Star Wars: The Rise of Skywalker Visual Dictionary
Uncover the inner workings of the treadable and the secrets of Rey’s Jedi library. Discover the Sith fortress world of Exegol and the treasures of droidsmith Babu Frik. Examine the brutal weaponry of the Knights of Ren and the ingenious garb of the Orbak riders. Meet the most notorious criminals of Kijimi and the sociable Aki-Aki on Pasaana. Study the intricate reforging of Kylo Ren’s helmet and the menacing armor of the Sith troopers.
The Visual Dictionary for Star Wars: The Rise of Skywalker brings impressive details and lore to the latest film in the galaxy far, far away but is it worth picking up? Check out my review to find out!
With the release of The Rise of Skywalker came the release of more supplemental material, including the Visual Dictionary. It’s one of the supplementary books I was looking forward to most, as they’ve been a constant source of incredible information for the new films.
Ostensibly, the Visual Dictionary serves as a guide through the various elements of the film, highlighting minor details or adding more context to some of the bigger stuff. With The Rise of Skywalker, they’ve also combined elements from the Incredible Cross-Sections (sometimes a separate book), which provides stunning illustrations of various vehicles and deep-dives into details.
All around the book is very well laid-out. The information is presented in an order that makes sense, making it easy to track to specific things you want to look up. This makes it ideal as a general reference book as you can easily locate things you want to find, but it still makes sense even if you read it cover-to-cover instead.
The images are crisp and clear, making it easier than ever to see the smaller details that are easy to miss during the film itself. Even better are looks at the various creatures, weapons, and props that are blink-and-you-miss-it in the film. For obsessive nerds like me, it’s a most valuable asset that’s both informative and fun.
As has been the case with all of the previous Visual Guides/Dictionaries, Pablo Hidalgo delivers a great all around book. Where it really shines, however, is how it offers up a surprising amount of depth on the larger aspects of the film. It’s not just the small details that make up this Visual Dictionary, instead, it gives fans some much needed context for certain events that happen in the film.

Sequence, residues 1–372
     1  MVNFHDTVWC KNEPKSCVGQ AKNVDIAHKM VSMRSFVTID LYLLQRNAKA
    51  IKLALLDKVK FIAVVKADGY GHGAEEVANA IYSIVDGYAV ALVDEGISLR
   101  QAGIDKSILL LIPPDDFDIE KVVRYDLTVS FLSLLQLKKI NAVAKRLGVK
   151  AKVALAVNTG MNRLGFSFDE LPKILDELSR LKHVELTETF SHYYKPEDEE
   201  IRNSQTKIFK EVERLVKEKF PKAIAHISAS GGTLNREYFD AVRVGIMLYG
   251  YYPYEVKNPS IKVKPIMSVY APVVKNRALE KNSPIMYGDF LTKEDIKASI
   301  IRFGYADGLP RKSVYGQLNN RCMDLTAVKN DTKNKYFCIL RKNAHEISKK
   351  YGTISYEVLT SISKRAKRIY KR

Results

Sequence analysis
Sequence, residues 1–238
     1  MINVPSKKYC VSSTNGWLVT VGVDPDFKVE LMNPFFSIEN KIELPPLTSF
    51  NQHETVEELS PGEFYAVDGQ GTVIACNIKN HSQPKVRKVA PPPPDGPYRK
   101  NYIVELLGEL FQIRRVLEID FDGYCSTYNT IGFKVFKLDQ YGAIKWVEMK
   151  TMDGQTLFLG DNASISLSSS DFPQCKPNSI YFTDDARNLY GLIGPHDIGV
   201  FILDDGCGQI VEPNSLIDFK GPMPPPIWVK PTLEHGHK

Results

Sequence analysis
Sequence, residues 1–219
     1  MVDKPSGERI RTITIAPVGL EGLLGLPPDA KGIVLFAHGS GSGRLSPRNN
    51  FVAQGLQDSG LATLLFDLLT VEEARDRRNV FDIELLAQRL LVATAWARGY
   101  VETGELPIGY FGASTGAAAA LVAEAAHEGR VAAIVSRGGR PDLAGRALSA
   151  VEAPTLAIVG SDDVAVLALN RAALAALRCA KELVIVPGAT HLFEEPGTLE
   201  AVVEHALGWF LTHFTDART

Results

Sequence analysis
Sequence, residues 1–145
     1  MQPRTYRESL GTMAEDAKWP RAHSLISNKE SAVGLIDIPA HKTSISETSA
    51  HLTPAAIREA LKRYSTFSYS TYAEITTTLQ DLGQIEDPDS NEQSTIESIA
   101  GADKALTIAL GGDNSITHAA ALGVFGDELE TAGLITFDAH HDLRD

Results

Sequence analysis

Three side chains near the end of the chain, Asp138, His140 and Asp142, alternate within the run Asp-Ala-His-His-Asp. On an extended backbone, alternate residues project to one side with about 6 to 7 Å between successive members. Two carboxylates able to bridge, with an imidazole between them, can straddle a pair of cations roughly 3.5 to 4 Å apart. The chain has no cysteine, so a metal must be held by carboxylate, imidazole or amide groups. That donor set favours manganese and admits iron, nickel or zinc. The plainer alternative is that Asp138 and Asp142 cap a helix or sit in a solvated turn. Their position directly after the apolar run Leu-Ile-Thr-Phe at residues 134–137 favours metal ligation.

Curious about Kylo Ren’s council of First Order leaders? The VD explains who they are, where they came from, and why Kylo chose them. It also helps explain why General Hux, once the leader over the First Order’s greatest weapon, ends up answering to a new guy (Allegiant General Pryde). If you wanted to know how Mustafar (the planet that appears at the very beginning) transformed from the lava planet in Revenge of the Sith to having trees and everything, you can find it here.
Even things like how Rey learned to use the Force to heal people, and where Palpatine found the people to fill his armies and fly all those new ships are more fully explained in this book. That’s just the tip of the iceberg really, and there’s so much more contained within.
I saw the film before reading the book and then once again after. I have to say, the things I learned about from the Visual Dictionary helped me enjoy the film even more the second time. In some ways, that’s a bit frustrating that some pertinent information related to the film is only available in supplementary material...but that’s a discussion for another time. Even so, it’s easy to say that this reference book, even more than the ones for the other films, feels like essential reading for fans. Even more than that, there is a lot of potential within for some teasing of what could be coming to Star Wars down the road. Fans of the old Expanded Universe will be happy to see many of their fan favorites get a mention in some of the ancient Sith lore.
That said, one of the main (only) issues with the book is that it doesn’t have anything regarding Palpatine himself, or much from the final act of the film. I can understand why to some degree, and it’s not the fault of the author or publisher...but at that point, why not just wait to release it so it can truly be comprehensive. In the grand scheme of things it might seem like a minor thing, and I’m sure there will be an inevitable upgraded version (which I’ll happily throw money down for), it just feels like a glaring omission. Considering the depth the Visual Guide goes into on the film, leaving out such a big chunk of it just feels off.